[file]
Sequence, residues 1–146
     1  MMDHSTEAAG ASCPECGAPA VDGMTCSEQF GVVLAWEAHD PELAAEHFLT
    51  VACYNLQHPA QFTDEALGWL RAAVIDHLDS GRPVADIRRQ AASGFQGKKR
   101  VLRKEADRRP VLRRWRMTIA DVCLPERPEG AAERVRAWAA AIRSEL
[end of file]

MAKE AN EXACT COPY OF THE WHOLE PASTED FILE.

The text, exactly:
Sequence, residues 1–146
     1  MMDHSTEAAG ASCPECGAPA VDGMTCSEQF GVVLAWEAHD PELAAEHFLT
    51  VACYNLQHPA QFTDEALGWL RAAVIDHLDS GRPVADIRRQ AASGFQGKKR
   101  VLRKEADRRP VLRRWRMTIA DVCLPERPEG AAERVRAWAA AIRSEL